|Born:||January 31, 1872 |
|Died:||October 23, 1939 |
Zane Grey (January 31, 1872 – October 23, 1939) was an American author best known for his popular adventure novels and pulp fiction that presented an idealized image of the rugged Old West.
Pearl Zane Gray was born in Zanesville, Ohio. (He would later drop his first name, and his family changed their name to Grey.) Growing up in Zanesville, a city founded by a maternal ancestor Ebenezer Zane, he developed interests in fishing, baseball and writing, all which would later contribute to his acclaim. He attended the University of Pennsylvania on a baseball scholarship, where he studied dentistry and joined Sigma Nu fraternity; he graduated in 1896. During that time, while playing baseball over the summer in Delaware, he was charged with, and quietly settled, a paternity suit, foreshadowing future womanizing behavior. He went on to play minor league baseball with a team in Wheeling, West Virginia. Additionally, his brother, Romer Carl Grey, played briefly in 1903 for the Pittsburgh Pirates.
While sporadically practicing dentistry, he often visited Lackawaxen, Pennsylvania, to fish the upper Delaware River. It was there where he met Lina Roth, better known as "Dolly", whom he would later marry. With her help and supported in part by her inheritance, he began to focus more on his writings, publishing his first fishing story in 1902. When they married in 1905, they moved to a farmhouse in Lackawaxen. While his wife managed his career and raised their children, Grey often spent months away from her, fishing, writing, and spending time with his many mistresses. While Dolly knew of his behavior, she seemed to view it as a handicap rather than a choice, and she did not blame him for it.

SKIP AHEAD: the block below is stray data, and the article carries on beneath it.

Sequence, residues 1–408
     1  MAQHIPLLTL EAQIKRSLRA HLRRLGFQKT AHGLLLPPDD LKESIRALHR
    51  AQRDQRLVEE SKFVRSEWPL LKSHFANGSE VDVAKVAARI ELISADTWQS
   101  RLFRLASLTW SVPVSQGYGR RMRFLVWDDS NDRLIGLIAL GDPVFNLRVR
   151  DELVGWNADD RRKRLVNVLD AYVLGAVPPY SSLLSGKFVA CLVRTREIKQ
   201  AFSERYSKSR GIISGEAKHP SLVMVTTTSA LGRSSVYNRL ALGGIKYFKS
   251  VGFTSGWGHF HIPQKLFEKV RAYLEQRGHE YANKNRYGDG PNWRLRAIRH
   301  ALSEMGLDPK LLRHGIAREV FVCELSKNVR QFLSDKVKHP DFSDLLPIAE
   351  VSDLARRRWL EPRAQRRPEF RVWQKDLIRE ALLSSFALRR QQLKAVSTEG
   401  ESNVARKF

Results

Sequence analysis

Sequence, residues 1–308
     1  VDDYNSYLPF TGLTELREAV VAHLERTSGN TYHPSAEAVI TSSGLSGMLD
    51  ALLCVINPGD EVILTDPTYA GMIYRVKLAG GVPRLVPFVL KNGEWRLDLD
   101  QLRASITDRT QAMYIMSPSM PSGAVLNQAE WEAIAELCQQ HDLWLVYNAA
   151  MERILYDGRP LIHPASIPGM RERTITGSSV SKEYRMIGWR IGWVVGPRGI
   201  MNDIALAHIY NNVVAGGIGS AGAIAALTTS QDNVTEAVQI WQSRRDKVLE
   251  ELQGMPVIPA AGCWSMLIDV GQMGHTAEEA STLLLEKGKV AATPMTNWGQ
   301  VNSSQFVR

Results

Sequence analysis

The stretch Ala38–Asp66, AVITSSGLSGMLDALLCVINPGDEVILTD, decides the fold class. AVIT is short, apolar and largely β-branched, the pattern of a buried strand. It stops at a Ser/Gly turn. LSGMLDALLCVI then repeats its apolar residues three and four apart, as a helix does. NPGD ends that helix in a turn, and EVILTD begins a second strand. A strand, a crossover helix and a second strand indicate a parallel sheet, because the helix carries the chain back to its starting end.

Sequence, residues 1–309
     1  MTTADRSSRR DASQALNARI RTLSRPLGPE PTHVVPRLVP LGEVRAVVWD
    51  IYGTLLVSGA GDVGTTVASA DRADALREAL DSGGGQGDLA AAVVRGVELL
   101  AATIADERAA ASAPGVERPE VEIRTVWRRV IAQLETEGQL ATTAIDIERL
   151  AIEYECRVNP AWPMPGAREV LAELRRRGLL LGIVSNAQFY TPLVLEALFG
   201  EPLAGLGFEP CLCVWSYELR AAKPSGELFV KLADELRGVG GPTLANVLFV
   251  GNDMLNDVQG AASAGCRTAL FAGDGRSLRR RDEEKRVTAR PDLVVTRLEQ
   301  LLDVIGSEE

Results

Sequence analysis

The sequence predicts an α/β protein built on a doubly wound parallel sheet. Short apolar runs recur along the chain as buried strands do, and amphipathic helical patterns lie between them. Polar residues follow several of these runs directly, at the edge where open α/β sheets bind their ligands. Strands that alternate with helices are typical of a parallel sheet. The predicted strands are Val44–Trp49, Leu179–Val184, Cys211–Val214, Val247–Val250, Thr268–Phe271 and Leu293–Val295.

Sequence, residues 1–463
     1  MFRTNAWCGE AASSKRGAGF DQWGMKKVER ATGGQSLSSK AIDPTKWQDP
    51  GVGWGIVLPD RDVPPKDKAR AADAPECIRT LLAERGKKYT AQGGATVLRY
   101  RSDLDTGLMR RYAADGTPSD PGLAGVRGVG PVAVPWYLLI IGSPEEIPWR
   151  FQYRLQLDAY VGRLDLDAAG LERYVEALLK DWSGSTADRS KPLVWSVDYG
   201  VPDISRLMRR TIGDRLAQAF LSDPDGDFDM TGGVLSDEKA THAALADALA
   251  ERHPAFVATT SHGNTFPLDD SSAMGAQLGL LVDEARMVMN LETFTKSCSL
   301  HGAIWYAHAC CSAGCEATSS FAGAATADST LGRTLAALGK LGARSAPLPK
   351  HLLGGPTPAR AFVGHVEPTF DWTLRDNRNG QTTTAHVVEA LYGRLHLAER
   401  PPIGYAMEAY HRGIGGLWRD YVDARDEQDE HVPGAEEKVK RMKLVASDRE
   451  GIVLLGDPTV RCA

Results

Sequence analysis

The Greys moved to Altadena, California in 1920 spurred by the memory of a visit during their honeymoon. In 1920, Grey bought a prominent mansion on Millionaire's Row (Mariposa Street) built by Chicago business machine manufacturer Arthur Woodward. Designed by architects Myron Hunt and Elmer Grey (no relation to the author), the 1907 Mediterranean style house is acclaimed as the first fireproof home in Altadena, built of solid concrete as prescribed by Woodward's wife, Edith Norton Woodward who lost friends in Chicago's Iroquois Theater Fire of 1903. Grey summed up his feelings for Altadena with a quote still used to this day in that city: "In Altadena, I have found those qualities that make life worth living."
He became especially interested in the West in 1907, after joining a friend on an expedition to trap mountain lions in Arizona. Grey wrote steadily, but it was only in 1910, and after considerable efforts by his wife, that his first western, Heritage of the Desert, became a bestseller. It propelled a career churning out popular novels about manifest destiny and the "conquest of the Wild West." Two years later he produced his best-known book, Riders of the Purple Sage (1912). He formed his own motion picture company, but in a few years sold it to Jesse Lasky who was a partner of the founder of Paramount Pictures. Paramount would make a number of movies based on his writings.